May 16, 2013 | By Christopher Hawthorne, Los Angeles Times Architecture Critic
"Everything Loose Will Land" has landed. And its timing could hardly be better. The exhibition at the MAK Center in West Hollywood, curated by UCLA architectural historian and critic Sylvia Lavin, is a wry study of the ways Los Angeles artists and architects worked with, leaned on, stole from and influenced one another in the 1970s. In a larger sense, it charts the way Southern California architects threw off the influence of establishmen Modernism and helped remake the profession in that decade.
October 26, 2012 | By Lisa Boone
Some of L.A.'s best known architecture firms and artists have designed one-of-a-kind lamps to be auctioned Nov. 2 at a fund-raiser for the MAK Center in West Hollywood. Among those who designed, produced and donated their work for the event, dubbed “Light My Way, Stranger” : Ball-Nogues Studio, Cory Buckner, Ehrlich Architects, Hodgetts & Fung, Eric Owen Moss, Barbara Bestor, Dewey Ambrosino, Liz Larner and Sam Durant. All proceeds will support the nonprofit MAK Center for Art and Architecture's programming and stewardship of three dwellings by architect R.M. Schindler: the landmark 1922 Schindler House in West Hollywood, the 1939 Mackey Apartments in the Mid-Wilshire district of L.A., and the 1936 Fitzpatrick-Leland House, the Hollywood Hills West residence where the auction will be held.
December 18, 2011 | By Christopher Hawthorne, Los Angeles Times Architecture Critic
Esther McCoy is having a moment. The architecture critic and historian, who died in 1989 at age 85, is the subject of a smart Pacific Standard Time exhibition at the Schindler House in West Hollywood, building on McCoy's deep connections with Rudolph Schindler himself. The show is accompanied by a Getty-funded catalog, and early next year East of Borneo Press will publish "Piecing Together Los Angeles," an anthology of McCoy's essays on architecture. What this turn in the spotlight will make clear to the public is what every architecture critic who has spent significant time in this city already knows: It was McCoy who first gave shape to the story of modern architecture in Los Angeles.
September 26, 2011 | By Carolyn Kellogg, Los Angeles Times
With a dog at her feet and an advance copy of her book "Rin Tin Tin" on the table, Susan Orlean sips coffee in the backyard of the Los Angeles house she now calls home. In September, the New Yorker staff writer, whose book "The Orchid Thief" was the (sort of) basis for the film "Adaptation," left rural New York behind. For the next year, she, her husband and son will be calling themselves Angelenos, thanks partly to the movie-star dog and Orlean's responsibilities as a working mother. "I started being inflamed with the idea that Rin Tin Tin was a great story, but I didn't know what the story was, of course," says Orlean, who begins all her work with lively curiosity before plunging into the unknown.
February 20, 2010 | By Scarlet Cheng
A grid of blue diagonals, the profiles of two men confronting each other, a series of colorful vertical stripes with an embedded phrase -- these will be some of the enigmatic images flashing through our peripheral vision while driving in L.A. over the next six weeks. They are three of the 21 visual artists' billboards that have been going up in some of the most trafficked corridors of Los Angeles, part of a long percolating idea of Kimberli Meyer, director of the MAK Center for Art and Architecture at the Schindler House.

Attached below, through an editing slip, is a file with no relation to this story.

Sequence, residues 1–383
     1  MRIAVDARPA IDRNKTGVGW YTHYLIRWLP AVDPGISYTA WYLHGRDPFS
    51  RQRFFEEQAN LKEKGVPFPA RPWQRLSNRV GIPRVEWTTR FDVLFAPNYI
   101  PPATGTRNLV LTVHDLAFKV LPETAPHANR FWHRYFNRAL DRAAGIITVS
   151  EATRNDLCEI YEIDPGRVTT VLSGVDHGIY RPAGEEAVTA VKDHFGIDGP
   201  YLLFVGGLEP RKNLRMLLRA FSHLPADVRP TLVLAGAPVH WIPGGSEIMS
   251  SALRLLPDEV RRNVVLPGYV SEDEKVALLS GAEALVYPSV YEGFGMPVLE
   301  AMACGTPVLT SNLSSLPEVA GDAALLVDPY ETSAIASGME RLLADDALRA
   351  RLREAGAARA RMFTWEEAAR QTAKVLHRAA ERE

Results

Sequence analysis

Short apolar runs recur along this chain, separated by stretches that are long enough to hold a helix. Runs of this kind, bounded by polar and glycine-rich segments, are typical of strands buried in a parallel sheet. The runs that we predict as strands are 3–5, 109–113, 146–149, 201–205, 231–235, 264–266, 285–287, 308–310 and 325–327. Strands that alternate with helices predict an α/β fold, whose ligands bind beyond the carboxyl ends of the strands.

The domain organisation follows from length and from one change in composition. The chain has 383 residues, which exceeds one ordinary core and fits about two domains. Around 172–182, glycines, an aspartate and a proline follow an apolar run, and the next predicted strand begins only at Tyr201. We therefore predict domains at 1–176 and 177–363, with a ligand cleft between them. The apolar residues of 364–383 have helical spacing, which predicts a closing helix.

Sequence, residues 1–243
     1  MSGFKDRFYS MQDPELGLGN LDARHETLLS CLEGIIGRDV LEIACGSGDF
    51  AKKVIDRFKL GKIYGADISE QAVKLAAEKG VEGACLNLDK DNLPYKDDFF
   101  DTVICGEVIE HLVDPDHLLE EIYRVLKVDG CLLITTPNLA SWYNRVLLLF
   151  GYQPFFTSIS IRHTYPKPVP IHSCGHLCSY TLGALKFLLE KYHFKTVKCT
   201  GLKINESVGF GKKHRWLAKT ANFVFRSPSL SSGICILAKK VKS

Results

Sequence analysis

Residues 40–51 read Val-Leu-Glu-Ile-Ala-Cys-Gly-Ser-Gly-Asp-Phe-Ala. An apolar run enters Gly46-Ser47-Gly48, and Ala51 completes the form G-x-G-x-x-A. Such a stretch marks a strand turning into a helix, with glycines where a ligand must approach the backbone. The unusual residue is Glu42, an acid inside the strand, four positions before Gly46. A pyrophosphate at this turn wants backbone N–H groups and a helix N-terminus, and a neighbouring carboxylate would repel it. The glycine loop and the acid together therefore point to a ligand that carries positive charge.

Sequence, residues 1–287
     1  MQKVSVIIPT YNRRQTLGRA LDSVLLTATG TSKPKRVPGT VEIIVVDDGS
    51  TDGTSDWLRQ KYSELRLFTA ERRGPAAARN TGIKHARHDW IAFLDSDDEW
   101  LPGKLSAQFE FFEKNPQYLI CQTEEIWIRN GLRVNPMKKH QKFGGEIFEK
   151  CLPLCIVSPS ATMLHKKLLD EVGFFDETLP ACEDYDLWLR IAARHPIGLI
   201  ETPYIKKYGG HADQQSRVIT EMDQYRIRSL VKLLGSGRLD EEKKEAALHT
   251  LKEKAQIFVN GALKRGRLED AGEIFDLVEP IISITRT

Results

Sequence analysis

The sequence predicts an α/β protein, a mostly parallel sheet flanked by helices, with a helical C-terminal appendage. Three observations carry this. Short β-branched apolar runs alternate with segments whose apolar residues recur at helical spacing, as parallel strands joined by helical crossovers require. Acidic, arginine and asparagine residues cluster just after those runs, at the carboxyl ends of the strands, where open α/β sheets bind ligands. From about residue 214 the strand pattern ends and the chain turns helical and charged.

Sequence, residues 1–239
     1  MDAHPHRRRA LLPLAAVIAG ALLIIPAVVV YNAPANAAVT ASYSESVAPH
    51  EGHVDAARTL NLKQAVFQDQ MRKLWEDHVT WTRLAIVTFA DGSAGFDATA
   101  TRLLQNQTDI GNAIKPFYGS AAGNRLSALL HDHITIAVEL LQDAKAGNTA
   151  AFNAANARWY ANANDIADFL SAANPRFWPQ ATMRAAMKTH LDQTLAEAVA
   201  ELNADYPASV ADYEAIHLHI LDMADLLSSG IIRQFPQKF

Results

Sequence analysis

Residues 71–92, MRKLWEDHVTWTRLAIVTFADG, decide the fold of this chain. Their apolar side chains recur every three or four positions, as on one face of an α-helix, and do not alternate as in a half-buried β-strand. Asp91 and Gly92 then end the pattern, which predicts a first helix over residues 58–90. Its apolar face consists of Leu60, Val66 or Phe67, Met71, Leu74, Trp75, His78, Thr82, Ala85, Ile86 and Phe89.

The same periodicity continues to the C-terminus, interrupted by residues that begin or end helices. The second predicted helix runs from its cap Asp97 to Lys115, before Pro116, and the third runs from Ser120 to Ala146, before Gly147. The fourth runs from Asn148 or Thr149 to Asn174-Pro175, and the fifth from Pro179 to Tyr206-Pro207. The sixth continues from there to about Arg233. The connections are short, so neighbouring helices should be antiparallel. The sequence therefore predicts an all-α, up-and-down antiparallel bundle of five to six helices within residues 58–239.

August 8, 2003 | Louise Roug, Times Staff Writer
A banner hanging Wednesday night across the entrance to the Schindler House in West Hollywood declared, in big red letters, "Architectural Resistance." In a courtyard beyond it, about 150 people sipped wine and listened as a developer wrangled with three architects and the executive director of the MAK Center for Art and Architecture, which operates the modernist landmark. The occasion for resistance?
May 9, 2003 | Louise Roug, Times Staff Writer
On Kings Road in West Hollywood, a proposed new condominium complex has strained neighbor relations across a bamboo hedge -- a commonplace scenario across the country. But in this case, the neighbor is a historic landmark, the Schindler House, and its occupants are using the "weapons" they have -- alternative ideas -- to fight the developer's plans.
February 4, 2010
All of L.A. is a "gallery" for "How Many Billboards? Art in Stead," a citywide exhibition of 21 specially commissioned billboards by artists including Kenneth Anger, Michael Asher, Kori Newkirk, Allen Ruppersberg and Susan Silton. A companion exhibition and "orientation station" will open at the MAK Center for Art and Architecture at the Schindler House on Feb. 23, and curator-led bus tours will be available. Opens Fri. See for details.
July 28, 2009 | Josef Woodard
For 10 summers now, the unique series known as "sound." has been filling a void in the area by hosting experimental, improvisational and otherwise off-the-grid music, often in the sylvan, historic backyard setting of West Hollywood's proto-Modernist Schindler House / MAK Center. As this will be the series' final summer in this ideal garden-party setting, Saturday night's sonic soiree -- with Los Angeles-based Steve Roden and Seattle's Climax Golden Twins -- mixed atmospheric appeal and a certain bittersweet air. After the final concert here, a tribute to the late Rod Poole on Sept.